Get Started with ESXi with VMware vSphere 5.5 Hypervisor

Get some practice with bare metal hypervisors using our tips for the free edition of VMware's vSphere Hypervisor. 

By Frank Ohlhorst | Posted Feb 18, 2015
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Mastering virtualization takes practice, and the free edition of VMware's vSphere Hypervisor 5.5 can provide an effective training ground. A fully functional virtualization platform, vSphere Hypervisor 5.5 supports an unlimited number of physical CPUs with 8 vCPUs per virtual machine and includes management via the VMware vSphere Client application.

While not suitable for production environments thanks to the lack of high availability, update manager, vCenter management APIs, and other add-ons and features that come with the purchase of a license, the free version of vSphere is an ideal platform for experimentation, testing and learning about bare metal hypervisors. What’s more, the free version proves suitable for running the occasional virtual appliance or testing new operating systems. Get started with these tips.

Prepare your vSphere test environment

VMware vSphere Hypervisor 5.5, which is built upon VMware’s ESXi 5.5 virtual server software, is a bare metal hypervisor that includes support for a variety of hardware combinations and includes management via the VMware vSphere Client application, which can be installed on most any Windows-based system. Nevertheless, there are some pre-requisites that must be met before an administrator can experience all that VMware’s free bare metal hypervisor can offer.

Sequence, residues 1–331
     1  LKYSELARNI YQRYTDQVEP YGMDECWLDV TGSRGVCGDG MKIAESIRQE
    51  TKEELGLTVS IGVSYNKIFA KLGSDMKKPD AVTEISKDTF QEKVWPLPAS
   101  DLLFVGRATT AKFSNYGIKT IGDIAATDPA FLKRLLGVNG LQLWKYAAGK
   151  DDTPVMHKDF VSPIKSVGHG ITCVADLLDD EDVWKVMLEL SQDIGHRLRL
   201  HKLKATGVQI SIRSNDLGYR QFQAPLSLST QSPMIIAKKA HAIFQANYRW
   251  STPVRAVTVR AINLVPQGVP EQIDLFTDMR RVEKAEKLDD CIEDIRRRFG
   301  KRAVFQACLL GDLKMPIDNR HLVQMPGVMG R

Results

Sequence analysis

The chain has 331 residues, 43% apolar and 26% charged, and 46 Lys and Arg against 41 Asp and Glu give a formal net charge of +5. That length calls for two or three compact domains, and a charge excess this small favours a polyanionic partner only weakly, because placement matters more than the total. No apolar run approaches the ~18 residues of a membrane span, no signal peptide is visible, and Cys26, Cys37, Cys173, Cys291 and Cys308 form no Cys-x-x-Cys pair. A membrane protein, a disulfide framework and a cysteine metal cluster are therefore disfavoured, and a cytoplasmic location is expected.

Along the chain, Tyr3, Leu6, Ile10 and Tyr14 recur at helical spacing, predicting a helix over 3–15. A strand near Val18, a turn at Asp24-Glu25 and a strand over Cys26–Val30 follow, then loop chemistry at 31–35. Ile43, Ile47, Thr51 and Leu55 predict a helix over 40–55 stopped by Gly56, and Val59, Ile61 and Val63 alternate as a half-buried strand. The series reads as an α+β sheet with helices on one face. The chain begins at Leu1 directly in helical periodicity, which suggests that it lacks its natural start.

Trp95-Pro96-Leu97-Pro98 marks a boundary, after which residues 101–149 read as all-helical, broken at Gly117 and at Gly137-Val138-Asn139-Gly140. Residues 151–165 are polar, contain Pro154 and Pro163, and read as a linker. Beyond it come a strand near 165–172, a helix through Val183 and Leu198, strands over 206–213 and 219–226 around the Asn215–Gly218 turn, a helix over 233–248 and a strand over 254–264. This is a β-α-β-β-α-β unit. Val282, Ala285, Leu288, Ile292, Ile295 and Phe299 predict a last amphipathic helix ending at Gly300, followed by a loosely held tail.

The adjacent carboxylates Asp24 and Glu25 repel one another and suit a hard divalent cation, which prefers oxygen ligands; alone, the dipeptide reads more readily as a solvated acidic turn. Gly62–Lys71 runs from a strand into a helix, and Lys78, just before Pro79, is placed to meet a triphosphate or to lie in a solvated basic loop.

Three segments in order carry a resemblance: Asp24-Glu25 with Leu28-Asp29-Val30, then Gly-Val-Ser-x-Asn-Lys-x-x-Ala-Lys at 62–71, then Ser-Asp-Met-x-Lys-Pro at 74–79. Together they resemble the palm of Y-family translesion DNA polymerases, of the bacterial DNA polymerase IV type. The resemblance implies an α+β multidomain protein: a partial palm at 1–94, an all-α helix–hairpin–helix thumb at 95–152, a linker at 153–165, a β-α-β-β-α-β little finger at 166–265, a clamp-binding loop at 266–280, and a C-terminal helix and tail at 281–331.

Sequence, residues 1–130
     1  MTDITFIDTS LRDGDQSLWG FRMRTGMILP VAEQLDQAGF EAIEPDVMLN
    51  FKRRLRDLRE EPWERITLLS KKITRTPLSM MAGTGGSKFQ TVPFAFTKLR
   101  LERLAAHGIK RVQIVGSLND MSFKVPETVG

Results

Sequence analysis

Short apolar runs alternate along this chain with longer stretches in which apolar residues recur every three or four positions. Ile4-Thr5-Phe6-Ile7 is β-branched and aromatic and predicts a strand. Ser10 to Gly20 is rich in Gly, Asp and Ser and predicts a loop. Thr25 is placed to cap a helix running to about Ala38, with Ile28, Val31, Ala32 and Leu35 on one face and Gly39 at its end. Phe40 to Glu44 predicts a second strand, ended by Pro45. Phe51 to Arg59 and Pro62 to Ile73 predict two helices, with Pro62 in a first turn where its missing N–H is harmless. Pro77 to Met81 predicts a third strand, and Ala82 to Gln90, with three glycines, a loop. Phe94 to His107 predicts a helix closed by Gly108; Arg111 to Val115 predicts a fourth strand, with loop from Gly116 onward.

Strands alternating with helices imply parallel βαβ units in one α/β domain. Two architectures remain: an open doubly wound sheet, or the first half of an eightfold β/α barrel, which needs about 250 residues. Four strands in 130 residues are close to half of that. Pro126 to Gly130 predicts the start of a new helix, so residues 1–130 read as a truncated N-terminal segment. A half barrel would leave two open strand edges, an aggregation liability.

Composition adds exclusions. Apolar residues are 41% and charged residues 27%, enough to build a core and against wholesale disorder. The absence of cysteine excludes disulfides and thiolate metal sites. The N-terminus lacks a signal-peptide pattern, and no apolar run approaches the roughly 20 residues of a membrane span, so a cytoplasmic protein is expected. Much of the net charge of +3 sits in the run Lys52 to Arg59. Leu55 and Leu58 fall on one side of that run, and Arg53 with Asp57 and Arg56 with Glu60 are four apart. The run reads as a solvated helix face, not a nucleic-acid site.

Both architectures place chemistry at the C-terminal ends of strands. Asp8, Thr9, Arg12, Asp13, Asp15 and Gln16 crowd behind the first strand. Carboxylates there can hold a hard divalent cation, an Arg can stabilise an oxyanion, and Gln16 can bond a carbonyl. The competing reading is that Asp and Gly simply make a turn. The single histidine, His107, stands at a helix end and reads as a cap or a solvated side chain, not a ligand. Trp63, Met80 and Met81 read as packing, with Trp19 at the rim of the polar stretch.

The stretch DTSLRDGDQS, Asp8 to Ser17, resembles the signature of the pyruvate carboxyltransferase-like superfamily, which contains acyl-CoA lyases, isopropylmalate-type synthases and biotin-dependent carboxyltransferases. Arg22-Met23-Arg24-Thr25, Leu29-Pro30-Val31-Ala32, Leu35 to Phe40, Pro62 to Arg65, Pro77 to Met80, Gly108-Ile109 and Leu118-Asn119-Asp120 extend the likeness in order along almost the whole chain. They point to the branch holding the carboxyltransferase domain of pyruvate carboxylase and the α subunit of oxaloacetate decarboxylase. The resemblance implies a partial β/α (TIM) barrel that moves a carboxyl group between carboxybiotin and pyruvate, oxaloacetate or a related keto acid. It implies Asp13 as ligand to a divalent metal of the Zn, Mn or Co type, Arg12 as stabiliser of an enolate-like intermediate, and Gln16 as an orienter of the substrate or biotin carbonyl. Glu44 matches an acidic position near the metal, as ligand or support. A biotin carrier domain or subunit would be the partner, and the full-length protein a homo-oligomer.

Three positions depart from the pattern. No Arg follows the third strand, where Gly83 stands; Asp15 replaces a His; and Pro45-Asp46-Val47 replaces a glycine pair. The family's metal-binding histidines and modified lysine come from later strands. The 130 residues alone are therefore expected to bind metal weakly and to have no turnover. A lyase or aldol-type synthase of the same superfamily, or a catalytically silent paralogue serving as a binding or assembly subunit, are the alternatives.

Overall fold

• Choose your hardware carefully. Although ESXi supports a wide array of hardware, that hardware still needs to be sized for the task at hand. The more processing power and memory you can put through at a virtual machine, the better the VM's performance and capability. Also, administrators need to make sure that the resources available meet the needed resources for the virtual server or virtual appliance that will be running on the bare metal hypervisor. It is always a good idea to check VMware’s knowledge base for hardware compatibility
  • Identify software to be tested. Having an inkling of what operating systems, virtual appliances and the level of integration needed is critical to devising a test environment. Not only is it necessary to make sure that the software will run under the hypervisor, it is also necessary to determine whether the virtual hardware provided offers the performance and capabilities needed by the software to be tested.
  • Create a robust network backbone. It almost goes without saying that gigabit Ethernet connectivity is a must, especially for situations where a client system running the vSphere Client will be used to create virtual machines on the host.
  • Always download the latest version of VMware vSphere and associated software before creating a new virtual host. Download the software as ISO images so bootable DVDs can be created, easing the installation process.